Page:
- There is country culture, but the biggest culprit is the Organization culture. At certain places I’ve worked, if you are not learning new stuff, you feel like a piece of shit. But in many other companies I’ve visited, that’s not the case.
- Indian Software Industry is unfortunately very “brand conscious“. If its a big name speaking at an event, people will walk a whole day to attend the event. But if its a local speaker presenting, it doesn’t appeal.
I’m sorry if you find me ranting, but I’m disappointed with the attitude. I’ve almost lost hope, but may be you can show me the light.
These days, its common to see teams doing the Product Backlog Management to Sprint Planning t0 Daily Scrums to Reviews to Retrospectives perfectly fine, as described in the book (or the 2 days Certified Scrum Master course). We are doing all the process stuff correctly, except that we don’t seem to be”actually” making money (minting). But somehow along the way, we seemed to have missed the point.
The problem I see is, teams are doing all the process stuff, as they are told, except that, post demo they don’t actually release the software (deploy it into production). Most teams are very happy showing the demos at the end of the sprints. They start thinking that this new process they are following is magical. Until 6 months later, their so-called “Product Owner” comes backs saying I didn’t quite expect “this” this-way and I thought “that” would be “this” and not really “that”. That is when it hits the team that what they were really doing was building inventory and basically doing a compressed-waterfall.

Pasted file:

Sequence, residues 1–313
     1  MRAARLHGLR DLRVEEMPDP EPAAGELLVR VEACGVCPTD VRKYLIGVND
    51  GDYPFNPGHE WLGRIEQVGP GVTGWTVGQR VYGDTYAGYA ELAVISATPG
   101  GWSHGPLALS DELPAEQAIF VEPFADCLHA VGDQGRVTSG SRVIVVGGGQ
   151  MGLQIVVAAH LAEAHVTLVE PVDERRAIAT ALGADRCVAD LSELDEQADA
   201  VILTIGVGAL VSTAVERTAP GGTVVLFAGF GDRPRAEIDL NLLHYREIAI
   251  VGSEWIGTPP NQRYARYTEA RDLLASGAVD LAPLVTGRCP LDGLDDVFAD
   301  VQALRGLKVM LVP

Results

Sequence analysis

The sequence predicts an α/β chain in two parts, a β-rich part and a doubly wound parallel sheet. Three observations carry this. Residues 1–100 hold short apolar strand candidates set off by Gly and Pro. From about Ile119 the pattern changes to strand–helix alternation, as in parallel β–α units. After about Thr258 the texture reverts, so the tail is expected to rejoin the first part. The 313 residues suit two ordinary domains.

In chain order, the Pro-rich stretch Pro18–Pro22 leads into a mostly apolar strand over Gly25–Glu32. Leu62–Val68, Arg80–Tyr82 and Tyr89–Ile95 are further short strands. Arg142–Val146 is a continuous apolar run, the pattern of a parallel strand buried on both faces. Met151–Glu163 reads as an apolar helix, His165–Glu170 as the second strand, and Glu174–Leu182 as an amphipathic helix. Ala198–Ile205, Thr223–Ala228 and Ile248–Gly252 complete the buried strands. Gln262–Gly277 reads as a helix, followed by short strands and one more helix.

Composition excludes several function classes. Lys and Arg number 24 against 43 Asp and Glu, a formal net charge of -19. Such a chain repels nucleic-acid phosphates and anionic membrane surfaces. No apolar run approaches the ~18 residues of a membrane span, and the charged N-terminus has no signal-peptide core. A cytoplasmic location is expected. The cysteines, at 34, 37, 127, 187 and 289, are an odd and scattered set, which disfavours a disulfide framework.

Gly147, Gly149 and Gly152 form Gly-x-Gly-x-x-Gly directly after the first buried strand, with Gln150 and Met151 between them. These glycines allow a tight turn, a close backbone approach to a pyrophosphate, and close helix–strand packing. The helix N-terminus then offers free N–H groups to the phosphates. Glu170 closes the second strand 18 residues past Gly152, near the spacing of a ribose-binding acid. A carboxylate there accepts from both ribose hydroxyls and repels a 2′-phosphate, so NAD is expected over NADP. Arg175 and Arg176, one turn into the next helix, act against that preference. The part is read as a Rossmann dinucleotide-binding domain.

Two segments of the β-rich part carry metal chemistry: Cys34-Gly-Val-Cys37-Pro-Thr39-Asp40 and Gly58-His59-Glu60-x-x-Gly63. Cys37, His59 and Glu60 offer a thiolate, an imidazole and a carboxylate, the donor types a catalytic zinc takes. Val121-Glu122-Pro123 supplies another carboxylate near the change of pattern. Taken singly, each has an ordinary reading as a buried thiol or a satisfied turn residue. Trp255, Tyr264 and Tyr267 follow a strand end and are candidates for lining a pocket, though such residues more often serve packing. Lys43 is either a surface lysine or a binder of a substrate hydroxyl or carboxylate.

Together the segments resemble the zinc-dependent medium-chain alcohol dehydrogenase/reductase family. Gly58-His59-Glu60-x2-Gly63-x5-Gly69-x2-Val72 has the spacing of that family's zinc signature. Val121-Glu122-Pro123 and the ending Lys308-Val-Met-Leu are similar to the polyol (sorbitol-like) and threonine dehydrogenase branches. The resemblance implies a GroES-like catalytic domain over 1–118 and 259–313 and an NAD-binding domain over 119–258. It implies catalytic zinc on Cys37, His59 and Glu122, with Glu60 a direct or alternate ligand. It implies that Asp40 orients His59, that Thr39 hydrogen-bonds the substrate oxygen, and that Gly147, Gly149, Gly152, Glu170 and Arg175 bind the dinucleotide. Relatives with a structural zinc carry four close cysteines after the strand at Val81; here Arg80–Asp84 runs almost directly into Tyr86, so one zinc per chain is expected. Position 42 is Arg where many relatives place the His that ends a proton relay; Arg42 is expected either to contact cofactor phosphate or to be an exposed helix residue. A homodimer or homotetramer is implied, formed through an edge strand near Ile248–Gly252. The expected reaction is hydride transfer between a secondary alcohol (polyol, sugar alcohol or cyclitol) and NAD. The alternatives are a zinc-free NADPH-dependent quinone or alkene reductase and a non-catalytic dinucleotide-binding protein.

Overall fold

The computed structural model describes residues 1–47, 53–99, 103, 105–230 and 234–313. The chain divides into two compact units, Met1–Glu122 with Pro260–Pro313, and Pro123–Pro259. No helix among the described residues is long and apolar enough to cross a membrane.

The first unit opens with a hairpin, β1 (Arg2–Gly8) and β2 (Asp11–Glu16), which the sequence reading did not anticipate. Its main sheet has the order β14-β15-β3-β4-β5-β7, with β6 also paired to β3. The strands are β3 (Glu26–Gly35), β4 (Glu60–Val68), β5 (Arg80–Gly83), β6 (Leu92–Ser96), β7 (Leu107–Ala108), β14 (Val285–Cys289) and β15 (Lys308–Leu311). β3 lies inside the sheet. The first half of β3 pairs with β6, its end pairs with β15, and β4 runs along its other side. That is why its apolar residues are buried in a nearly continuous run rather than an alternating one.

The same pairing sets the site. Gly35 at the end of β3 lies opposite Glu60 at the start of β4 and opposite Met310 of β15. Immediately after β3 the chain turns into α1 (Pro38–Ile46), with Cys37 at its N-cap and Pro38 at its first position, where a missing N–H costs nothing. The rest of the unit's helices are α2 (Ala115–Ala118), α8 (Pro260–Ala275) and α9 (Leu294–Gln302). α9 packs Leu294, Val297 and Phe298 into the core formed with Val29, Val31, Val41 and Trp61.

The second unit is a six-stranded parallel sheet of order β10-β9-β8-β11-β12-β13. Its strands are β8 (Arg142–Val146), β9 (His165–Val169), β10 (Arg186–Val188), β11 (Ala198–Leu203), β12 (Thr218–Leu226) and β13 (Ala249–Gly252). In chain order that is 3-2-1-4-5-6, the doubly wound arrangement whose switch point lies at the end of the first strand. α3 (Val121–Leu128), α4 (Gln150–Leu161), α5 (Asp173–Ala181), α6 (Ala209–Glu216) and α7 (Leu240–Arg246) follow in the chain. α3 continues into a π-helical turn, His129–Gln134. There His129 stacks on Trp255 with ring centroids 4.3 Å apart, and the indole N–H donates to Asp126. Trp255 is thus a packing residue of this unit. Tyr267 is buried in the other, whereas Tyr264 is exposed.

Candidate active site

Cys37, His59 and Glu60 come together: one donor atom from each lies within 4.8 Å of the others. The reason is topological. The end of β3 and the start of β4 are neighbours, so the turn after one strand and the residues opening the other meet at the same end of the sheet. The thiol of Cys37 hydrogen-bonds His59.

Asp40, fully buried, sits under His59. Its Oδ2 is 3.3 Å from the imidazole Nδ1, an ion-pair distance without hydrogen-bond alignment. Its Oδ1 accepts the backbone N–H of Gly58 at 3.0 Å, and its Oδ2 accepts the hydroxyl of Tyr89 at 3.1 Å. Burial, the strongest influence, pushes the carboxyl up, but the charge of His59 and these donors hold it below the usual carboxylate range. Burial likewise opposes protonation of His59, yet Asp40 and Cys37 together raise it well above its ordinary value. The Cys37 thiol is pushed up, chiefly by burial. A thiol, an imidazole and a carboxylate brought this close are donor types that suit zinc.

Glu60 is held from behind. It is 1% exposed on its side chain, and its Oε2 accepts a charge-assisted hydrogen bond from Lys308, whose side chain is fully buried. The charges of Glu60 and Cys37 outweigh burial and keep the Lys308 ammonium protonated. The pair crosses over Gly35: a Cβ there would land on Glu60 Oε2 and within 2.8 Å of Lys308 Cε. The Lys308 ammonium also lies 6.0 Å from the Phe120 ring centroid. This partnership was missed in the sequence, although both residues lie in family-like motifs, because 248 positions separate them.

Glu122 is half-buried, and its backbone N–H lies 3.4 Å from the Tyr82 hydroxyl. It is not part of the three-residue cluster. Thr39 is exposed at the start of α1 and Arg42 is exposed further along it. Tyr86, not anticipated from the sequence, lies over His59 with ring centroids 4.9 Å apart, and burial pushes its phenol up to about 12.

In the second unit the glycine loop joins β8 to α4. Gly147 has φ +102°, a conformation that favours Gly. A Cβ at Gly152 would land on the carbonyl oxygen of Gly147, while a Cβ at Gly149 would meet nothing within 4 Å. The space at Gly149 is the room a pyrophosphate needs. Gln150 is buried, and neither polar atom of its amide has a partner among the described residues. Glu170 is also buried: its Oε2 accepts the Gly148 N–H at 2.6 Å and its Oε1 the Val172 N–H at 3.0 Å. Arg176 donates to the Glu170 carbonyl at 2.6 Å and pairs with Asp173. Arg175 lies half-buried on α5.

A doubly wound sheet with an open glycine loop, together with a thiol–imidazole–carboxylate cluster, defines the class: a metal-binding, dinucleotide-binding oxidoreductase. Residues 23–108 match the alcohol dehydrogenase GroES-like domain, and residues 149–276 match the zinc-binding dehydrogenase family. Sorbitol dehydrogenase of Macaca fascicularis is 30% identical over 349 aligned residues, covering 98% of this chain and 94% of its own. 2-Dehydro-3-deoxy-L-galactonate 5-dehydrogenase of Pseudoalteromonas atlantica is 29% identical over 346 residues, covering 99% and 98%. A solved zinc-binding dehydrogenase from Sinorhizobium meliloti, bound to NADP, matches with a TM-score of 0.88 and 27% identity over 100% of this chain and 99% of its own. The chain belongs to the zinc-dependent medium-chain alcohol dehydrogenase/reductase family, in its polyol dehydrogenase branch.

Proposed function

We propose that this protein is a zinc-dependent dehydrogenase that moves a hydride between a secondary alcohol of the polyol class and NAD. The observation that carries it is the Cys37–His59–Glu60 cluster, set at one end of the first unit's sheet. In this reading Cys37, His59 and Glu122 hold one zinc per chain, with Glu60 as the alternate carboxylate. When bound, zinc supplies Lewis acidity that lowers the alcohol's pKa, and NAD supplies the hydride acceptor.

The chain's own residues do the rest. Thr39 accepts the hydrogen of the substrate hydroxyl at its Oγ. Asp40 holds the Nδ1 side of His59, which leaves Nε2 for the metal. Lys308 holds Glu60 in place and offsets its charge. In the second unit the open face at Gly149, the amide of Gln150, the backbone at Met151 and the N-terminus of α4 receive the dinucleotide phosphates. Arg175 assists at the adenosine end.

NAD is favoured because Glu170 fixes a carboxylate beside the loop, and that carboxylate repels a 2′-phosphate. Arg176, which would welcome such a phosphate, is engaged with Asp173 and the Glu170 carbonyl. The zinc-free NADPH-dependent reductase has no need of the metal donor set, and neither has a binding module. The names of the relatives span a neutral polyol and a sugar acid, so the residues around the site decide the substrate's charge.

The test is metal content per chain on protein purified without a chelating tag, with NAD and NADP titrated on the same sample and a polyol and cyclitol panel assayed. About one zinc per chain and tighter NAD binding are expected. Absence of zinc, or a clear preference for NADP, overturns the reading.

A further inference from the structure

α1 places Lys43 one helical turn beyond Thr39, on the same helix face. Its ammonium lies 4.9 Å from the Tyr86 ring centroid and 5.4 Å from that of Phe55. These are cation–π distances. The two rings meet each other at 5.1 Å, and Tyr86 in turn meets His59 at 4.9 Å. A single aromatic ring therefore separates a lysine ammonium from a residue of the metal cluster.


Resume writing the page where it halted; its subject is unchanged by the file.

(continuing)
Until you actually release your software and see your end-users actually use it in real life, you don’t have the most important feedback. Hence you are not “done” until you really see you users use the feature you just released (and probably you are not even done after that. “Done-Done” was a cute concept, get over it). There is no better means of feedback nor is there a better risk-reduction strategy other than releasing software to production frequently (at least every week).
Remember code that is not yet deploy and just sitting in your repository is a liability. So is, all your fancy product backlogs and grandiose plans.
I’m in Chicago attending the Agile 2009 conference. I’m getting really annoyed by how much energy is being wasted here:
- Everything (soda, water, lemonade) has a ton of ice in it. Just think of the amount of energy wasted having those coolers running 24/7.
- Central Air-conditioning: Every conference room, hall way, lobby is set at 60F (15.5c). You see people wearing full sleeves, pullovers, etc.